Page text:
Finally, the Chamber found that at the time of assignment by the lessee there was no claim for repayment against the lessor which the lessee could have assigned to Lex Fox. This claim would only arise once the landlord had been reprimanded. The complaint, however, was only made after the assignment had already been assigned - namely by Lexfox as assignee. Although the Chamber confirmed that a collection service could also include the provision of substantial ancillary services, such a qualification of the services provided by Lexfox would be inappropriate and would therefore not be considered. With "", the court stated, Lexfox does not primarily provide collection services with permission-free ancillary activities, but primarily provides legal advice in order to assert claims which are assigned only afterwards. In this the chamber saw the substantial difference to a collection service provider, which may express itself legally to a certain extent regarding - already arisen - claims.

In addition, in cases in which, according to the landlord's information, an excess of the permissible rent could not be determined, there was obviously no claim of the tenant at all, the existence of which could be discussed "when collecting the claim". Without collecting claims, Lexfox could only advise against asserting the claims. However, this activity is not a collection service within the meaning of the RDG. Lexfox therefore goes far beyond the permissible activity of a collection service provider with "". The Chamber also took up the argument of Lexfox itself that it would act "in the same way as a lawyer".

BGH - Everything is completely different!

However, the BGH sees things differently and ruled on 27 November 2019: "" is (still) legal! Literally, the chairman of the VIII. Zivilsenat of the BGH already stated in the oral hearing: "The legislator wanted to create a modern, sustainable and liberalized legal services law. The term 'collection service' should not therefore be understood in too narrow a sense. Instead, the concept of collection was to be interpreted broadly; a generous consideration was required. Thus, a debt collection company is always entitled to a legal examination of the claim, including advice as to whether and under what conditions a claim exists at all. The 15th Chamber of the Berlin Regional Court had already issued a similar decision in previous proceedings. In that case, the Berlin Bar Association had taken legal action against Lexfox's business model. Even if the limit is not easy to determine, according to the reasoning of the BGH, all activities of Lexfox are closely connected with the collection of the claim - the reclaiming of overpaid rent - and serve the purpose of collecting this claim, so that all in all it can (still) be assumed that a collection service is being provided.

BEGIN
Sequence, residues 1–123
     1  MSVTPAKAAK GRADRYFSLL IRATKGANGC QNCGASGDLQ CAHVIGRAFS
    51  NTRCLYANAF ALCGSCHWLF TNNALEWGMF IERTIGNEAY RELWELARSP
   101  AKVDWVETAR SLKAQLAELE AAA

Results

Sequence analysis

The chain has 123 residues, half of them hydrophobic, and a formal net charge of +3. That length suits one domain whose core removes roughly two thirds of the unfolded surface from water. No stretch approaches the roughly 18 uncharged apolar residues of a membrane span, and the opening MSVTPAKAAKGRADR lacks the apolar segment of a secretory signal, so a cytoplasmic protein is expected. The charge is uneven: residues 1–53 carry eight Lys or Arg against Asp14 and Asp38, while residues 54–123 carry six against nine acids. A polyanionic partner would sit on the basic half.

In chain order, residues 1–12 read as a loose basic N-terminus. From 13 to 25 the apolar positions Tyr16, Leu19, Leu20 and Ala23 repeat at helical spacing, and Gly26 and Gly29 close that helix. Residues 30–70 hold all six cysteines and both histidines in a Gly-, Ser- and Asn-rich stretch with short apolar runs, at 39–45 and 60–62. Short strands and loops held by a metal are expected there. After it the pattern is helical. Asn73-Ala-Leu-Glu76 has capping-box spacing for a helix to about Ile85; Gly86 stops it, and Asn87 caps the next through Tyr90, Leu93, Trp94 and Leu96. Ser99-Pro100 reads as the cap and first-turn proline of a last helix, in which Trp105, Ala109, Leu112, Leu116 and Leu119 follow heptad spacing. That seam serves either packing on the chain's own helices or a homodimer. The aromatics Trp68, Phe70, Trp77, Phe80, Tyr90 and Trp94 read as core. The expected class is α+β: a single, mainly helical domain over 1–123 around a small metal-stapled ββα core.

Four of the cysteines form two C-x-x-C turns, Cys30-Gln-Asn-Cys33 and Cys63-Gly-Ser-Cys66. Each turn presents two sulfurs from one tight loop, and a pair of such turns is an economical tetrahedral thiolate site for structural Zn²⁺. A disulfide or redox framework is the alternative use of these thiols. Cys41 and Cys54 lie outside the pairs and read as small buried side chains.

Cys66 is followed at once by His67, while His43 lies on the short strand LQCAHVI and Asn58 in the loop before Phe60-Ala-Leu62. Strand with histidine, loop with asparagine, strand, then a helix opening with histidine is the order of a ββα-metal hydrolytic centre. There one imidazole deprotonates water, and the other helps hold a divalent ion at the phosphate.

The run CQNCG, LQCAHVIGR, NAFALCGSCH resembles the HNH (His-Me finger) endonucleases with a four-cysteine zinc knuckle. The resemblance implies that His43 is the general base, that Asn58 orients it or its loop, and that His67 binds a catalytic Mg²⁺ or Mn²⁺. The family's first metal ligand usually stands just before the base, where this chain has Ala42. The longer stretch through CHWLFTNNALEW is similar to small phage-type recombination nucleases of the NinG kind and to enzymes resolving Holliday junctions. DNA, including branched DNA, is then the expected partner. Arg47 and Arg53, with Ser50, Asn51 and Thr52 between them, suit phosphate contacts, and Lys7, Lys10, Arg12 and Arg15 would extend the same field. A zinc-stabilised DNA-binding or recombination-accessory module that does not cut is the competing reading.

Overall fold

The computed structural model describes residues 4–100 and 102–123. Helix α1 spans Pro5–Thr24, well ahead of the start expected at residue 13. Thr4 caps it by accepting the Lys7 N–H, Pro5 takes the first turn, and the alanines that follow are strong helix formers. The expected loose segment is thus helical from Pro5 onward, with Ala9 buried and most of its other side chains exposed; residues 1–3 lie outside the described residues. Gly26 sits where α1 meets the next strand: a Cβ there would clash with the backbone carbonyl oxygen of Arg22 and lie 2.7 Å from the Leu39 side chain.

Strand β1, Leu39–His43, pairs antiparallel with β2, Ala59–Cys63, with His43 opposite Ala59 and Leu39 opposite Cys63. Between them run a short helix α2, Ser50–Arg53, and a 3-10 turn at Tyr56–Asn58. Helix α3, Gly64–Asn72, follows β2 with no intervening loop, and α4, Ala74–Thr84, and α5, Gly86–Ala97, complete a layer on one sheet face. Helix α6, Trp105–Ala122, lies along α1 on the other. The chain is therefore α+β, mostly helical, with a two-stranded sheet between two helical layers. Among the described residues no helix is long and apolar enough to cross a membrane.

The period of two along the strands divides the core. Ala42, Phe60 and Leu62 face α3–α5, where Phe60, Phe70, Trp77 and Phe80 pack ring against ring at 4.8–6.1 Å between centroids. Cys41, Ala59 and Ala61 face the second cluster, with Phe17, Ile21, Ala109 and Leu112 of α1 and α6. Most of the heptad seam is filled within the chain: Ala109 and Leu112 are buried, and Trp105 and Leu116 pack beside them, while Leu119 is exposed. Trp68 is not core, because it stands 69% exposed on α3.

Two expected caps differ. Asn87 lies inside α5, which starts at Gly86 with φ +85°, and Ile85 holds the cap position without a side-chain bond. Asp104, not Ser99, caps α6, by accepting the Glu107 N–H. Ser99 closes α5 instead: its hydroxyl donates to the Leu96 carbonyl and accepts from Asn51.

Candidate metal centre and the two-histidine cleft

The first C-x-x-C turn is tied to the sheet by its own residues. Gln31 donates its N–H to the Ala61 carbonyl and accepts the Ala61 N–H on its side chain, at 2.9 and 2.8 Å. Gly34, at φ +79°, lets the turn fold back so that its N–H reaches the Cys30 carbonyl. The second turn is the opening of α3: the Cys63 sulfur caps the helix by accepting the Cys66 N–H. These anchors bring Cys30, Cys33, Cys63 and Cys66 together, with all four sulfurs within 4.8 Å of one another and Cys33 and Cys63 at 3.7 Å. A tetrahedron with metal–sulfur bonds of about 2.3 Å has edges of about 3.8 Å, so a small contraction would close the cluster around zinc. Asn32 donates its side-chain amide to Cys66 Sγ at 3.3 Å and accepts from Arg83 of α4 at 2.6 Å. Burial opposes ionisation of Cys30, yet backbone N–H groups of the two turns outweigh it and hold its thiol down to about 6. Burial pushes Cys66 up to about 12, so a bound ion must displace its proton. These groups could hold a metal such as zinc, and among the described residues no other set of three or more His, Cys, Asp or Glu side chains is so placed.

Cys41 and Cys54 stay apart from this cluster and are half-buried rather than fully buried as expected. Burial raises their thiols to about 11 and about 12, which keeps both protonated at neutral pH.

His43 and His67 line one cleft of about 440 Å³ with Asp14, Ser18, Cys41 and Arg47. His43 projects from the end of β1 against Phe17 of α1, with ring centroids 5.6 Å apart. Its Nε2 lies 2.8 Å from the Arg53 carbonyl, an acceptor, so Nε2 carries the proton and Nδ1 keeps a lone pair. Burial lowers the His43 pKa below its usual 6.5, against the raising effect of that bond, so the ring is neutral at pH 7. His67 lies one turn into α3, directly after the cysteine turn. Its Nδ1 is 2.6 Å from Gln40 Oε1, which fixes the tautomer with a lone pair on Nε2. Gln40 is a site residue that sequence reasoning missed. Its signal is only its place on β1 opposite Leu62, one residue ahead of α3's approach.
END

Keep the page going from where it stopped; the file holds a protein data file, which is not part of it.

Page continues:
A narrower view could also not be derived from an alleged contradiction in the assessment. It is true that a lawyer, in contrast to a collection service provider, is not permitted to agree a contingency fee or to assume the costs if the activity is unsuccessful. However, the legislator had intended an exception to these prohibitions for collection service providers. A conflict of interests is not given here. Furthermore, the client is protected by the professional liability insurance of the collection service provider in the event that the collection authority is exceeded. If the latter - in this case Lexfox - also uses the expertise required of him, checked and found sufficient by the court, no danger to the client is apparent. Any risk was thus cut off. Furthermore, the application of the rental price calculator was merely a purely schematic calculation and not a legal examination. Finally, it is acknowledged, to which the BGH pointed explicitly, that in principle an advance assignment of a claim only arising in the future is also effective, provided that this - as in the case of "" - is sufficiently determinable at the latest at the time of its materialization.

A milestone and a decision for the future

It remains to be seen how the decision will affect the development of Legal Tech. In any case, it can be stated that the BGH is pursuing a future-oriented further development of the law. In our view, however, it is important to ensure that consumers are protected from unqualified legal advice.

Fear? Why?!

Legal Tech shows the way forward. Legal Tech opens new spheres in legal work. This goes hand in hand with a simplified enforcement of even the smallest and most minor claims, which have traditionally not been enforced due to the associated nuisance effects and costs. Companies will have to adapt to this and take appropriate precautions.

Will there be a change in the legal department? Absolutely! Digitalization is arriving in the legal department. It is creating new business areas and services. In order to keep pace with these developments, companies and their legal departments will also have to invest - both in digital solutions to ensure compliance and in digital solutions from the field of corporate defense, which enable the (re)establishment of "equality of arms", even in mass proceedings with small amounts in dispute.

LegalTech can unleash considerable potential. Deloitte Legal supports this development and feels more than reaffirmed by the BGH ruling in its strategy of transformation towards a digital law firm. Deloitte Legal accompanies and supports entrepreneurs and companies in their transformation to the digital world.